Finally, the Steilhang Hut! It is not open in the summer but the tables are still out on the deck, providing a nice place to rest.

The views from here are spectacular! A very familiar scene that I’ve photographed many times while skiing by in the winter before the Steilhang Hut was built.

We decided to keep going after reaching the Steilhang Hut. We felt good and the Snow Plume Refuge didn’t look too far away now!

A little bit up the mountain from the Steilhang Hut, we reached the point where I tore my ACL in the Spring of the ’20/’21 ski season. While much of the terrain looks familiar, the lower part definitely looks rather different.

Here, the road passes under where the old Lenawee lift stood. It is being replaced by a new high speed detachable lift, like the Black Mountain Express but seating 6 instead of 4. The foundation for one of the towers is here on the side of the road with part of the upper terminal in place at the very top of the mountain.

The next downhill tower is visible looking back to where we passed on the way from Lake Reveal to the Steilhang Hut. Also in this photo is a bulldozer. They were busy moving what appeared to be debris from the foundation of the old Lenawee lift down the mountain. The road is pretty narrow in spots but we were always able to find a good place to step aside to allow these big machines to pass.

Looking down towards Lake Reveal with the same bulldozer turning to drop its load next to the little lake.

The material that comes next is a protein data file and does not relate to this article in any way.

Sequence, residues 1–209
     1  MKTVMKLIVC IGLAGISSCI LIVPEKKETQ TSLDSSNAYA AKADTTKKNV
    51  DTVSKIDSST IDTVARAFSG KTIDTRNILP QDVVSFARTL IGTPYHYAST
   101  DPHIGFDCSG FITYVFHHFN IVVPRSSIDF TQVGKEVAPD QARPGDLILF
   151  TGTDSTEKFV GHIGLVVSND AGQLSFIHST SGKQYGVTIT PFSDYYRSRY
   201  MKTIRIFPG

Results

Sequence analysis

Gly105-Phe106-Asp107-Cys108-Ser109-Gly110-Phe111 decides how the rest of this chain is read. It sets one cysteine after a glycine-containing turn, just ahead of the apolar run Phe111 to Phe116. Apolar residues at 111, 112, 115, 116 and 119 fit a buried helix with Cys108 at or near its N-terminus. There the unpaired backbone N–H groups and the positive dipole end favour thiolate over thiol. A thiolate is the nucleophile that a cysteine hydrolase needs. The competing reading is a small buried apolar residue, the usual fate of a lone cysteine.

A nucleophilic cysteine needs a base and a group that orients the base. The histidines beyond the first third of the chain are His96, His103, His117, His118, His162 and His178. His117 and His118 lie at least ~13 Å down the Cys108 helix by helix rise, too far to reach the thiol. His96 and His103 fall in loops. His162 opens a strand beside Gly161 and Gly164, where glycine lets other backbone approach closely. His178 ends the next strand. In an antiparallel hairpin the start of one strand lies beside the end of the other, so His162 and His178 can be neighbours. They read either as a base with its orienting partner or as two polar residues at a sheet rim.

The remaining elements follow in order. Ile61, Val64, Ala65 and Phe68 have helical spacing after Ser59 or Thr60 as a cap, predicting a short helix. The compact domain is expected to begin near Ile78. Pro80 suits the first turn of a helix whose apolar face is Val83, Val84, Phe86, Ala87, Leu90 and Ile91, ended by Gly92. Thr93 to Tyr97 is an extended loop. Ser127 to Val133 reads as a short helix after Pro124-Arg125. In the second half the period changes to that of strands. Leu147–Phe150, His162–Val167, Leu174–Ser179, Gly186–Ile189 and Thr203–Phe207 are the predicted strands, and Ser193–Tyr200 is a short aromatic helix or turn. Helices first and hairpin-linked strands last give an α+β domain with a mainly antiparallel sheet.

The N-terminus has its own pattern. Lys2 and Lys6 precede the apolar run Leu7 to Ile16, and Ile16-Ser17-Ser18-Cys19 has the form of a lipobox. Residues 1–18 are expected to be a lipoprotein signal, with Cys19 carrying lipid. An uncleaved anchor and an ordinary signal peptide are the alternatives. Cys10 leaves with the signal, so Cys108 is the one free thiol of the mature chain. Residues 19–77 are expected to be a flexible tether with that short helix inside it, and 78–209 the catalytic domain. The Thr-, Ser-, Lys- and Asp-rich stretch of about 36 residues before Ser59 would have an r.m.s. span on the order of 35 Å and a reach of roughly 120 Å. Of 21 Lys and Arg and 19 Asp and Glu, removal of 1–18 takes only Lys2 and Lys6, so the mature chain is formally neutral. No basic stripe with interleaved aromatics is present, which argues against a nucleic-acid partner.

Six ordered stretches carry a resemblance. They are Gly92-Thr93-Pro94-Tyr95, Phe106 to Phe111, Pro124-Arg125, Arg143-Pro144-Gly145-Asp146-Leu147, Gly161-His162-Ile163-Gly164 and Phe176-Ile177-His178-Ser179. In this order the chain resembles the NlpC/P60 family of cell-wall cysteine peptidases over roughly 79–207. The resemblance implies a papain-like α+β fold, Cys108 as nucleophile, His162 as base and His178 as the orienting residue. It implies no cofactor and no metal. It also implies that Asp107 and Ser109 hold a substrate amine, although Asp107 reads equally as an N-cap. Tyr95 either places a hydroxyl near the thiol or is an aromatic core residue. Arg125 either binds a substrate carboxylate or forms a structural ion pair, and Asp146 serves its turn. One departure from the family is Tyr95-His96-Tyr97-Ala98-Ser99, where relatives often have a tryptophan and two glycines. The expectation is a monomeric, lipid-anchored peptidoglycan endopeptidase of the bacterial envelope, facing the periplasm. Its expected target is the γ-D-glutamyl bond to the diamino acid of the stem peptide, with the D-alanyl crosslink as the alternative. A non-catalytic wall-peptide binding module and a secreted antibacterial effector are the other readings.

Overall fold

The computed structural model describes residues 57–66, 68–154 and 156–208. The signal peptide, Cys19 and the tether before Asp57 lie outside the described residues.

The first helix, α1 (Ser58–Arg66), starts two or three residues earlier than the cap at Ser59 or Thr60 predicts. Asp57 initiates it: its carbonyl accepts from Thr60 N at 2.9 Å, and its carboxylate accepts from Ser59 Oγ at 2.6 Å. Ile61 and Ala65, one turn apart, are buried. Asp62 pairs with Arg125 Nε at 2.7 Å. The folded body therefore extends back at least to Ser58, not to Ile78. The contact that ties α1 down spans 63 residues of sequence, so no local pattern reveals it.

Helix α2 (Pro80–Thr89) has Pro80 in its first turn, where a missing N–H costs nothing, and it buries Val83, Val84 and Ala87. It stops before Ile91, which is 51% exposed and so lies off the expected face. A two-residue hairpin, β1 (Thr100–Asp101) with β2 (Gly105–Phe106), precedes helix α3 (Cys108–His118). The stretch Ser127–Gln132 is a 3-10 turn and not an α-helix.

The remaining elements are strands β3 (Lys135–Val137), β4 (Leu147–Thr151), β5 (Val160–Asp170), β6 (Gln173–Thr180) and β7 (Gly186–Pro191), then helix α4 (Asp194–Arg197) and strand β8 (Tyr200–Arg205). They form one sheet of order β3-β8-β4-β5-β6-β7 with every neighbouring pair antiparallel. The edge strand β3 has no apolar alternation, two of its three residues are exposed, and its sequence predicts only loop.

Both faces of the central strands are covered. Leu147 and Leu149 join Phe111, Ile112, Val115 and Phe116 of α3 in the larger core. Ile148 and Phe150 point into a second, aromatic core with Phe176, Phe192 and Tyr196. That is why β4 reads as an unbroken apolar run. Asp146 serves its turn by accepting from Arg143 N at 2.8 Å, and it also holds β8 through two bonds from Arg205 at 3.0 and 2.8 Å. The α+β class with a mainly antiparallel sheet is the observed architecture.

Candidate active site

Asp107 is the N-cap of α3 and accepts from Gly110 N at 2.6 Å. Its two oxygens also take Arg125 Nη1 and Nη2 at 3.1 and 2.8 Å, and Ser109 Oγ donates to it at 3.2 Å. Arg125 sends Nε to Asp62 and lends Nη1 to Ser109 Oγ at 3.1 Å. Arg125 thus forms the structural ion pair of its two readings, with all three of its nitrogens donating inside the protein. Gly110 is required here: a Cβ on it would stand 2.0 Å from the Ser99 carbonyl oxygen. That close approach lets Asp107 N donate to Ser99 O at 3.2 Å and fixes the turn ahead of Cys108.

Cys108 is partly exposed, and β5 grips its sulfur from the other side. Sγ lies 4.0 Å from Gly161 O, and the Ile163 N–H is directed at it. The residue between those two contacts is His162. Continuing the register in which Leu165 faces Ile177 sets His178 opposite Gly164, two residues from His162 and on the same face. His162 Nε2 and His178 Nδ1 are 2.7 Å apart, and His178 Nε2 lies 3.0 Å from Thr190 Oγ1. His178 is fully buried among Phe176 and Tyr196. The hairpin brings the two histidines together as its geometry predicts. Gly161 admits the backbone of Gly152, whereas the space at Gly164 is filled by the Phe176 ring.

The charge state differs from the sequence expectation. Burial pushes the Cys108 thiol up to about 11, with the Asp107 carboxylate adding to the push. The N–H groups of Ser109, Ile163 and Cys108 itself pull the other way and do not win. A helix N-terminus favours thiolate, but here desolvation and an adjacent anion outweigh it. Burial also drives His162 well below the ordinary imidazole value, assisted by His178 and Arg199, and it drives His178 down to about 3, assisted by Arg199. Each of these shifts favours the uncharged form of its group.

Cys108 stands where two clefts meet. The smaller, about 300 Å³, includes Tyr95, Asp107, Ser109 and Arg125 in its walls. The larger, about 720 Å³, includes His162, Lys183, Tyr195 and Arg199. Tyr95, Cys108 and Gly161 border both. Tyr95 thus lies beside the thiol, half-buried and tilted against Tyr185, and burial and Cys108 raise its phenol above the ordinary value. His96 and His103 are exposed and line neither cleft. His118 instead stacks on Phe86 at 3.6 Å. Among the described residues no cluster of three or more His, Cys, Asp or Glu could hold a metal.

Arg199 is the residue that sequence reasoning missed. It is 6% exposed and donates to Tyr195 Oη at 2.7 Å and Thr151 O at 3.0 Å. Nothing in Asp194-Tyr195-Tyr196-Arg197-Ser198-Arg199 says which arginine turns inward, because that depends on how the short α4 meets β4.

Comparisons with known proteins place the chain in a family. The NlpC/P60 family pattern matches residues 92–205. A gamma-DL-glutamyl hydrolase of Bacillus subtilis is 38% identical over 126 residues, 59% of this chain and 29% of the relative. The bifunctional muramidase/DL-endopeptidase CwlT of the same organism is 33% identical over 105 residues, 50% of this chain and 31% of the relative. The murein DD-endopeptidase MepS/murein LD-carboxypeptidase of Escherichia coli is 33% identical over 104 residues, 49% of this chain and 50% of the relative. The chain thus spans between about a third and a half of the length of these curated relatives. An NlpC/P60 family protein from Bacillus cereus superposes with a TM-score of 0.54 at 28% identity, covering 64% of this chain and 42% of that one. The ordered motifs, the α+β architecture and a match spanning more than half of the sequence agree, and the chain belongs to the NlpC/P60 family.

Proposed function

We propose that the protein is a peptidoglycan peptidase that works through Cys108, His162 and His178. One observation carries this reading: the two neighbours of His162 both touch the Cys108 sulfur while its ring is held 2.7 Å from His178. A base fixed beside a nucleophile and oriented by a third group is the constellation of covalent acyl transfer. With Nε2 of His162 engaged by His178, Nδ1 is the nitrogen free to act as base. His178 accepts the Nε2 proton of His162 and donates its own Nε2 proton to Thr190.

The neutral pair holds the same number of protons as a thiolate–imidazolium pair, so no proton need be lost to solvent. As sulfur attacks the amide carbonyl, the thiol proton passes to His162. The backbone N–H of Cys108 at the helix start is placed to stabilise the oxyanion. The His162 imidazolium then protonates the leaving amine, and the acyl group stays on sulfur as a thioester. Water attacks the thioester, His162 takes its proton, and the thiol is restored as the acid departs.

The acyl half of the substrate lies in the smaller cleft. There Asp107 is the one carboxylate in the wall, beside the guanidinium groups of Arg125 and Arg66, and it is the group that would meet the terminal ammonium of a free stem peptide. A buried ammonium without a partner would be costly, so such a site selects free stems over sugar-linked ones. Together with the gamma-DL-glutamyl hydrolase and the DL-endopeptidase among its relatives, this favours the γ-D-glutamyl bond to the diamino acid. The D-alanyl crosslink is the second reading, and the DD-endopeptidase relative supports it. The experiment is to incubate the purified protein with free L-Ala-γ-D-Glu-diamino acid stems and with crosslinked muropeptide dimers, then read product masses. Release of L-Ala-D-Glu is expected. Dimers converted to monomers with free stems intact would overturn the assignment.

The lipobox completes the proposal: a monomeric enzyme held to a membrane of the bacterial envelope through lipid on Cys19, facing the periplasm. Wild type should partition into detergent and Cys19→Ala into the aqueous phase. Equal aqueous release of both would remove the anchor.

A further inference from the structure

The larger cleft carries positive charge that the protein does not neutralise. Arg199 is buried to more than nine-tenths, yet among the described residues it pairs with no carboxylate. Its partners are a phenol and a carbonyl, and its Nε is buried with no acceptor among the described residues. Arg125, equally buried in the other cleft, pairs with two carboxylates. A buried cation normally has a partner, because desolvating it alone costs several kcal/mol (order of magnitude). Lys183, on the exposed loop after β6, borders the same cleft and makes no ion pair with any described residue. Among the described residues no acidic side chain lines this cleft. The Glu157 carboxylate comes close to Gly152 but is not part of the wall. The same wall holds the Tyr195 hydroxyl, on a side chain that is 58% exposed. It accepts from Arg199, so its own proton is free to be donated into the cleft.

A bulldozer after it passed us on its way up the mountain to collect more debris. When we started our hike, there was just one bulldozer working but eventually a second showed up.

Eventually, we were able to get both Lake Reveal and Steilhang Hut in one photo. The road didn’t ascend too steeply above the Steilhang Hut at this point. It was a rather gradual incline.

At this point, we were definitely quite a bit higher than the Black Mountain Lodge down below and also a tad higher than the Pallavicini lift at the top of the peak on the left.

The nice gradual incline soon ended. Other than the initial part of the road, this was definitely the steepest section!

A similar view to what we saw before, just from higher up.

A beautiful view as we continued ascending with a perfectly clear blue sky!

Almost there!

We’ve skied by this point many times on both sides of this fence! The place where I tore my ACL on this trail appears to be half-way between the little pile of wood and the slow sign below it.

There was a choice of paths here. We decided to not turn here.

At the point where we decided to go straight, just a bit uphill from the fence that we walked by. A wonderful view of Lenawee Face below us.

And further uphill at the highest point above Lenawee Face. This is my preferred starting point for skiing down this trail.

After taking a few photos from the top of Lenawee Face, we walked by the upper terminal of the new Lenawee lift and headed towards the Zuma Lift, which is behind us.

Looking down from the top of the Montezuma Bowl can be rather intimidating in the winter. Its no different in the summer! Particularly from this spot.

We continued walking in this direction towards the Zuma lift.

This is the only place from which I’ve entered the Motezuma Bowl! And as far as we walked today in this direction.

We noticed a Red-Tailed Hawk land on one of the Zuma chairs! It stayed there for a long time, perhaps looking for prey.

Quite a bit is visible from this point. In the foreground, one of the summits of Keystone where we were two days ago! And in the distance, Breckenridge.